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Issue Date:-13 January 2009

Liverpool launches first ever Pedal it Pink

MERSEYSIDE Police are asking the public for help in tracing a man, who we urgently need to speak to in relation to a murder.

Merseyside Police would like to speak to Gary Finlay in connection with the investigation into the death of Graham McKenna.

Gary Finlay, pictured here, is considered dangerous and should not be approached by the public.  We would urge anyone with information about his whereabouts to contact Merseyside Police or Crimestoppers on 0800 555 111.

On Saturday, 10 January, Merseyside Police have told the media that they received a report of a fight at around 12.45pm in Speedwell Road, Claughton, Wirral. 

Merseyside Police have said that:- "At this stage of the investigation it is believed that Mr McKenna, 45 years, and his son were walking towards a bus stop on Upton Road.  Mr McKenna was attacked in Upton Road and was found collapsed in Speedwell Road.  He was taken to hospital where he later died.

Mr McKenna's 14 year old son was also attacked in Upton Road and was found collapsed in Speedwell Road.  He was taken to hospital, where his condition is described as serious but stable.  Both males were attacked with a knife and received stab wounds to the abdomen.

It is thought that the offender then got into a Honda car and drove towards Bidston Hill.  The car has since been recovered.

Enquiries have led us to believe that this was a domestic and targeted incident.

Forensic examinations were carried out at the scene and house-to-house inquiries were conducted in the area.

Detectives investigating the murder are keen to trace the whereabouts of 46 year old Gary Finlay, who has links to the Prenton area but also to the South West of England."

Gary Finlay is described as a white, 5ft 8in tall, stocky build, with blue eyes. 

He is balding and was last seen wearing a black and dark grey padded jacket.

Merseyside Police stress that members of the public are advised not to approach Mr Finlay, as he is considered to be dangerous, but if anyone does see him they should report the sighting to their nearest police station. 

They can also contact officers at the dedicated incident room on:- 0151 777 2263 - immediately or contact Crimestoppers anonymously on:- 0800 555 111.

McDonald’s wrappers worst brand for shaming Liverpool’s streets

KEEP Britain Tidy on Tuesday 13 January 2009 has names McDonald’s as the number one source of branded fast food litter strewn across the streets of Liverpool.  Its customers were found to be responsible for more than a quarter of the wrappers, cartons and uneaten food dropped in the city following a survey by the environmental charity.  While 58% of the fast food litter was classed as unbranded local chippies/ kebab shops, McDonald’s (28%) was well ahead of the next brand, Greggs (4%), in the investigation which looked at both Liverpool city centre and a suburban location in Woolton.  Across England, Keep Britain Tidy again found McDonald’s litter most prevalent with a 29% share while unbranded local chippies/ kebab shops (21%) and Greggs (18%) were second and third respectively.  The findings come as university research reveals the damaging impact litter can have on a brand. Academics said that fast food businesses could be suffering financially due to their association with litter.  Keep Britain Tidy has delivered the results of its survey to the chief executives of all the outlets named and demanded that they accept more responsibility for what happens to food and packaging taken away from their premises.   Phil Barton, Keep Britain Tidy chief executive, said:- “This is the first time we have looked at which brands are littering Liverpool and the results are very revealing. The branded litter causing problems in the city is also a significant eyesore across the country.  We condemn customers for dropping fast food litter in the first place but also believe the findings have pertinent messages for the industry itself.  Fast food companies have to play a more active role in delivering an anti-litter message at the point of sale and also reduce unnecessary packaging to make it easier for customers to do the right thing.”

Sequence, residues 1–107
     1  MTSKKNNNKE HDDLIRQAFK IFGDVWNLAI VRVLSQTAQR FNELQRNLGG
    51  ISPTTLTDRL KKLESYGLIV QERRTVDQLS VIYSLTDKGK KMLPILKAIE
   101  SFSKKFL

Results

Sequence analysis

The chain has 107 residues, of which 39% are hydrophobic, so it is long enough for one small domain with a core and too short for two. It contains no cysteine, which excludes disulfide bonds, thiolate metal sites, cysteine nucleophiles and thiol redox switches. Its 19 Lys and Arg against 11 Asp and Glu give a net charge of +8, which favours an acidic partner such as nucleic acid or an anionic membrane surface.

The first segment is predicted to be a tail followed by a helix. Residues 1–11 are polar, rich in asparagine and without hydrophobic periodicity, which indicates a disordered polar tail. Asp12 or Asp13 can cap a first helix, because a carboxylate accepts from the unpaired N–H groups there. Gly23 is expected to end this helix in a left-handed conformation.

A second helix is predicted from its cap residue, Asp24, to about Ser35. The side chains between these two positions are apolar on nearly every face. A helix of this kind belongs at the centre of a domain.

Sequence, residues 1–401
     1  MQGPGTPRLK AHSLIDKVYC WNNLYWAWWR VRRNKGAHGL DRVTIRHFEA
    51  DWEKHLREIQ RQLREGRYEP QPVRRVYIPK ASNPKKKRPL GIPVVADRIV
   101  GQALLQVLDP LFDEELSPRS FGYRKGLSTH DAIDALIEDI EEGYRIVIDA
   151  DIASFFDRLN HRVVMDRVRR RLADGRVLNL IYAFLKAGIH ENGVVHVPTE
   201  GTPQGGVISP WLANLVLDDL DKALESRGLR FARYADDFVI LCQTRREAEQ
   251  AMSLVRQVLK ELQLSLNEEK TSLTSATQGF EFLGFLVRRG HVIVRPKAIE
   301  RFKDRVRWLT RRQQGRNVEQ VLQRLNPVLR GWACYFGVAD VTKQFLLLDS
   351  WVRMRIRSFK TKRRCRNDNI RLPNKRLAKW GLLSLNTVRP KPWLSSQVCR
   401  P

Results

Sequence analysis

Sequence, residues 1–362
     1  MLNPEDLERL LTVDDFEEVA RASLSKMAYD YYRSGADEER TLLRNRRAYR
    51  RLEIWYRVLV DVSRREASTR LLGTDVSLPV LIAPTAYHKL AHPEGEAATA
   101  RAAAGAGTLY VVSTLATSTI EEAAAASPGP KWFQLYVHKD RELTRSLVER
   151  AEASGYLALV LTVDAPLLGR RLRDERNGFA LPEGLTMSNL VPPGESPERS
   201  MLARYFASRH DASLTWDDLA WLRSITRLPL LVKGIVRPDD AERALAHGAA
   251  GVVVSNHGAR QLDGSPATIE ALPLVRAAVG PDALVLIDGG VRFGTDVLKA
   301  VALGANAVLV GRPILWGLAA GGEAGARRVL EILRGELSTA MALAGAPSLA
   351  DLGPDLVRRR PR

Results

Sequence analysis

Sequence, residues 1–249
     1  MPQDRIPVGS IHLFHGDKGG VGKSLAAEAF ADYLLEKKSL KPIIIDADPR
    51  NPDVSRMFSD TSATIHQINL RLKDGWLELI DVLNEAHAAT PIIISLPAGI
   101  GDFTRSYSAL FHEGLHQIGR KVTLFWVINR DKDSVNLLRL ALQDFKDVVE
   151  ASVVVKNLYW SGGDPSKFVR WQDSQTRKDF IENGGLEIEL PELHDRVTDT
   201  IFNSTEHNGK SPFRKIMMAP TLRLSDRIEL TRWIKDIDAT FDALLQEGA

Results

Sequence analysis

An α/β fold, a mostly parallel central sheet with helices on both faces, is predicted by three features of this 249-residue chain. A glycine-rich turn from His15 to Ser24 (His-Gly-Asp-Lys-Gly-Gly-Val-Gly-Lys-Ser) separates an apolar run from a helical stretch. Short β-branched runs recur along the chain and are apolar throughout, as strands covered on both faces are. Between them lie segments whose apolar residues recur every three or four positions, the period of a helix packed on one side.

Keep Britain Tidy surveyors spent two days in ten city centres and surrounding areas investigating which brands were most commonly appearing as litter. It is the first time that litter has been looked at in terms of brands, an area the environmental charity intends to put more focus on in future.  Academic research carried out by Dr Stuart Roper of Manchester Business School, University of Manchester and Professor Cathy Parker at Manchester Metropolitan University reveals the damaging impact fast food litter can have on brands.   Professor Parker said:- “There is clear evidence that seeing litter with a company’s brand on can negatively affect the public’s perception of that brand.   There is, therefore, a good commercial reason why fast food operators should take more of an interest in what happens to their packaging once it leaves their premises.”

Keep Britain Tidy is launching a Dirty Pig campaign to target fast food customers and urge chains to take more responsibility.

As part of its challenge to fast food businesses to improve both the environment and their own image, the charity is calling on the companies to:-

► reduce unnecessary packaging

► tell “eating-out” customers to use a bin once they’ve finished their meal

► increase anti-litter signage in restaurants and drive-thru’s

► offer money-off vouchers or incentives to customers who return packaging

► put more bins at strategic points - not just directly outside their premises

►  work with Keep Britain Tidy

We will try and get a responce from McDonald’s about this study. Please do let us know what you think by emailing our news room at

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